1. Introduction In order to understand the presented testing methods some basic information about power system will be reviewed.

1.1

Symmetrical Components Theory

The method of Symmetrical Components consist of reducing any unbalanced three-phase system of current (or voltage) phasors (i.e. vectors), as for example shown in Figure 1a, into three balanced systems, which are known as the zero, positive and negative phase sequence component sets: Ø The zero phase sequence component set consists of three phasors (e.g. IA0, IB0 & IC0) which are equal in magnitude and in phase, as shown in Figure 1b; Ø The positive sequence component set consists of three phasors (e.g. IA1, IB1 & IC1) which are equal in magnitude, 120 degrees out of phase and rotating in typically anticlockwise direction, so that they reach their positive maximum values in a sequence ABC as shown in Figure 1c; and Ø The negative sequence component set are three phasors (e.g. IA2, IB2 & IC2) which are equal in magnitude and displaced 120 degrees apart and rotating in a sequence ACB, as shown in Figure 1d.

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Zero Sequence Current Set

Three-Phase Currents 90

90

2

120

60 1.5

150

1

0.8

120

IA IB IC

60

IA0 IB0 IC0

0.6

30

150

0.4

0.5

30

0.2

180

0

210

180

330

240

0

210

300

330

240

270

300 270

a) Unbalanced three-phase currents

b) Zero sequence current set Negative Sequence Current Set

Positive Sequence Current Set 90

90

1.5

120

60 1

150

0.8

120

IA1 IB1 IC1

60

IA2 IB2 IC2

0.6

30

150

0.4

30

0.5 0.2

180

0

210

330

240

300 270

c) Positive sequence current set

180

0

210

330

240

300 270

d) Negative sequence current set

Figure 1: Unbalanced three-phase currents reduced into three balanced sequence current sets It is most important to emphasize that any of these three sets of sequence quantities always exist as defined (i.e. as phasor triplet). Thus IA1 or IB1 or IC1 can never exist alone or in pairs, always all three. For engineering calculation purposes it is necessary to define only one phasor in each sequence (typically IA1, IA2 and IA0), from which the other two phasors of the same sequence set can be easily calculated. This is the reason why we typically say that positive negative and zero sequence component is calculated with phase A as a reference. The following phasor equations, given in the literature [10] and [11], shall be used to calculate the first sequence phasor of every component set:

1 3

IA0=|IA0|@∟δ0= × ( IA + IB + IC )

1 3

IA1=|IA1|@∟δ1= × ( IA + a × IB + a 2 × IC )

1 3

IA2=|IA2|@∟δ2= × ( IA + a 2 × IB + a × IC ) Where a is complex operator having value of a = 1∟120o= (i.e. it is a unit phasor with angle displacement of 120o).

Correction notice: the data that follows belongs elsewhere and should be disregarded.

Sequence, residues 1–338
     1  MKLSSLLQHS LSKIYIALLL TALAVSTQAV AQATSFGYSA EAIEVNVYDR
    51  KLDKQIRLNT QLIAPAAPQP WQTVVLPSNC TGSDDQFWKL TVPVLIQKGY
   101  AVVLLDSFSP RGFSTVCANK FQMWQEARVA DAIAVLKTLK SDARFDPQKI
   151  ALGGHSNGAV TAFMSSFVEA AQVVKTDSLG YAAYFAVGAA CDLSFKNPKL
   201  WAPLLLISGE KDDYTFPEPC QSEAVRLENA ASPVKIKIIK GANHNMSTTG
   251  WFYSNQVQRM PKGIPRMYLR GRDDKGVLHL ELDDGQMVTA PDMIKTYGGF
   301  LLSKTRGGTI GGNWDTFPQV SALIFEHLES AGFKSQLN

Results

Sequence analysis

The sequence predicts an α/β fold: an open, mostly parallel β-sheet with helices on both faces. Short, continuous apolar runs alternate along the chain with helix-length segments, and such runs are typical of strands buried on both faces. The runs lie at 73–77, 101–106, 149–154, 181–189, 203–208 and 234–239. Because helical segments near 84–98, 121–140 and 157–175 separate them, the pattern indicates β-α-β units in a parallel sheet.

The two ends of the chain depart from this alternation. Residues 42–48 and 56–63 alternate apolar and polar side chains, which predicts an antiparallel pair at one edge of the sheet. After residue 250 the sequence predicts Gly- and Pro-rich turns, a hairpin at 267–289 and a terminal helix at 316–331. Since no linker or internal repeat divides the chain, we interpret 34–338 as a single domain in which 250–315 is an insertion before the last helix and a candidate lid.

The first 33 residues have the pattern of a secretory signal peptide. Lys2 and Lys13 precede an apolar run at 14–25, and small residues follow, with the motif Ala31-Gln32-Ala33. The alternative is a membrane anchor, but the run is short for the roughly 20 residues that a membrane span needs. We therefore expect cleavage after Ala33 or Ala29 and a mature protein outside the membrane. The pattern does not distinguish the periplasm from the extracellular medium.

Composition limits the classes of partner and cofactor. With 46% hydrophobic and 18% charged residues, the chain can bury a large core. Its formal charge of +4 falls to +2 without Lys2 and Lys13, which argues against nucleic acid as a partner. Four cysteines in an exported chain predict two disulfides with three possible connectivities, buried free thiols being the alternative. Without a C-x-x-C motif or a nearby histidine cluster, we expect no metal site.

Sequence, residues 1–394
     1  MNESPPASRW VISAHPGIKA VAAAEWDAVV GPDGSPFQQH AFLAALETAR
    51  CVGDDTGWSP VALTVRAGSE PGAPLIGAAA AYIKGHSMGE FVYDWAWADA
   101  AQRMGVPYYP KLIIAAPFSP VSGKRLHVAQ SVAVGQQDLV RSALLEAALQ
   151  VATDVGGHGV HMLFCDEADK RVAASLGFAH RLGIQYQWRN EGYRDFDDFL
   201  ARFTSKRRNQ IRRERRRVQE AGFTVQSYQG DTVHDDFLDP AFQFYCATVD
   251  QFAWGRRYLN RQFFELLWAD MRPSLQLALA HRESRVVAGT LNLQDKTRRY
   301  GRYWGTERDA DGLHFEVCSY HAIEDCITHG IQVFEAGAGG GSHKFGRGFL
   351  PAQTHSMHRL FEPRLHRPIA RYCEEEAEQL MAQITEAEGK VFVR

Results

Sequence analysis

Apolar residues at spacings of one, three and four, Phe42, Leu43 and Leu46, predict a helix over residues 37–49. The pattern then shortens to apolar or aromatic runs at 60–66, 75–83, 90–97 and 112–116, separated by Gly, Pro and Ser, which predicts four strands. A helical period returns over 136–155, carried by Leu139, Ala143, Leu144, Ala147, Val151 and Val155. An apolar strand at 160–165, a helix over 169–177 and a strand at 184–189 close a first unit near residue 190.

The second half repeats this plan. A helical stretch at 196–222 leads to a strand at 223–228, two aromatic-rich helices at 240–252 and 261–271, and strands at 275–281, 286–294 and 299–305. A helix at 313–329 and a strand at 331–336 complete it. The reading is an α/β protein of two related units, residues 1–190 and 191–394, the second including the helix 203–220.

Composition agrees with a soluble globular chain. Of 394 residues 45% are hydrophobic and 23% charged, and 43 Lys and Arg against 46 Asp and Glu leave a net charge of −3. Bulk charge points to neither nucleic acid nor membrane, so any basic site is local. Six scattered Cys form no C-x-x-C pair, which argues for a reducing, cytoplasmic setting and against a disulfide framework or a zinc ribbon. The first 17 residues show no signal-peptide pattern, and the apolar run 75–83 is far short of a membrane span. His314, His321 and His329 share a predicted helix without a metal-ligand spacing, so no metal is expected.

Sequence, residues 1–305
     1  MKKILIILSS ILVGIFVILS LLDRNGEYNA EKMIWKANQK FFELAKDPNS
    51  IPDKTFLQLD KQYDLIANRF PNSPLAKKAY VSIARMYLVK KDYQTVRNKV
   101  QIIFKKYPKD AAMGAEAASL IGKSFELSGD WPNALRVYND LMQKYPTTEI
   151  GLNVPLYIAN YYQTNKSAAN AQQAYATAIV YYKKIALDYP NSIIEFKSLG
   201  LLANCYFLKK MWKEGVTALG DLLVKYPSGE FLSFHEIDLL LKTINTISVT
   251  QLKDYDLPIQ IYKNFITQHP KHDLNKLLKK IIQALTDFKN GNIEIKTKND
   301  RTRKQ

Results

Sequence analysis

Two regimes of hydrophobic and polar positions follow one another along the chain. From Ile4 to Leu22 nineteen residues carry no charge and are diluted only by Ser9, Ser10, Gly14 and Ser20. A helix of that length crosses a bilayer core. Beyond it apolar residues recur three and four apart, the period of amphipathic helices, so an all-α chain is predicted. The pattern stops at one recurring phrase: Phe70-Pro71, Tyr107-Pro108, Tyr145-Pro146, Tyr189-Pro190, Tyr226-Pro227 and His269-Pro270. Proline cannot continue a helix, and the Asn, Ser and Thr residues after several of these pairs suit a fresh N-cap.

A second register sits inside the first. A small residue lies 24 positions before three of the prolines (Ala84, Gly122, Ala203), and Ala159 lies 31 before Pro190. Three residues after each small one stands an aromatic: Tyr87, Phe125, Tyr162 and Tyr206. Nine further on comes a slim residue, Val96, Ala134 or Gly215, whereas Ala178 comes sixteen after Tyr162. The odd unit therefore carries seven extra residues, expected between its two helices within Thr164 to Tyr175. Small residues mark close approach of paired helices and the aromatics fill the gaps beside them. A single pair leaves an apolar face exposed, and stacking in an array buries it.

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1 3 + j× = -0.5 + j × 0.866 2 2

Once these basic sequence components are known the complete sequence sets can be calculated as shown below: Zero sequence set IA0=|IA0|@∟δ0 IB0= |IA0|@∟δ0 IC0= |IA0|@∟δ0

Positive sequence set IA1=|IA1|@∟δ1 IB1=|IA1|@∟( δ1+240o) IC1=|IA1|@∟ (δ1+120o)

Negative sequence set IA2=|IA2|@∟ δ2 IB2=|IA2|@∟( δ2+120o) IC2=|IA2|@∟ (δ2+240o)

Note that from these three sequence sets it is always possible to re-assemble the three individual phasewise current phasors by using the following three equations:

IA = IA0 + IA1 + IA2 IB = IB 0 + IB1 + IB 2 IC = IC 0 + IC1 + IC 2

1.2

Power Transformer Theory

Side 2 Va_W2

Vb_W2

Vc_W2

VC_W1

VB_W1

VA_W1

Side 1

Typical voltage and current definitions used for a three-phase, two-winding power transformer is shown in Figure 2.

Figure 2: Typical voltage and current reference direction for a power transformer

Any three-phase power transformer introduces the phase angle shift Θ between the two sides. The standard three-phase power transformers introduce a fixed phase angle shift Θ of n*30º (n=0, 1, 2, …, 11) between its winding 1 and winding 2 side no-load voltages. Note that for any three-phase power transformer strict rules only exist for the phase angle shift between sequence components of the no-load voltages from the two sides of the power transformer (see Figure 3), but not for individual phase voltages from the two sides of the power transformer. For more information about these rules and their use for transformer differential protection see references [5], [8] and [9].